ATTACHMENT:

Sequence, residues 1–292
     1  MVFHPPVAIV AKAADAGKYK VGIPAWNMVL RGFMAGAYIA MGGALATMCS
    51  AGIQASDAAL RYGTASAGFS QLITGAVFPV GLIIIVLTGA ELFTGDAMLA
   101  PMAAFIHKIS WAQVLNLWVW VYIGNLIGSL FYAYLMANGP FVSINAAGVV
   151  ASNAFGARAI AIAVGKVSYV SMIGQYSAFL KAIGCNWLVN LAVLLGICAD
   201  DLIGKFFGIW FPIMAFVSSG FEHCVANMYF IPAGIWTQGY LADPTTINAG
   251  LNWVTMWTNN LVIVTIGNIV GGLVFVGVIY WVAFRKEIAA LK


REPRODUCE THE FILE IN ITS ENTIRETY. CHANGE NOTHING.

Sequence, residues 1–292
     1  MVFHPPVAIV AKAADAGKYK VGIPAWNMVL RGFMAGAYIA MGGALATMCS
    51  AGIQASDAAL RYGTASAGFS QLITGAVFPV GLIIIVLTGA ELFTGDAMLA
   101  PMAAFIHKIS WAQVLNLWVW VYIGNLIGSL FYAYLMANGP FVSINAAGVV
   151  ASNAFGARAI AIAVGKVSYV SMIGQYSAFL KAIGCNWLVN LAVLLGICAD
   201  DLIGKFFGIW FPIMAFVSSG FEHCVANMYF IPAGIWTQGY LADPTTINAG
   251  LNWVTMWTNN LVIVTIGNIV GGLVFVGVIY WVAFRKEIAA LK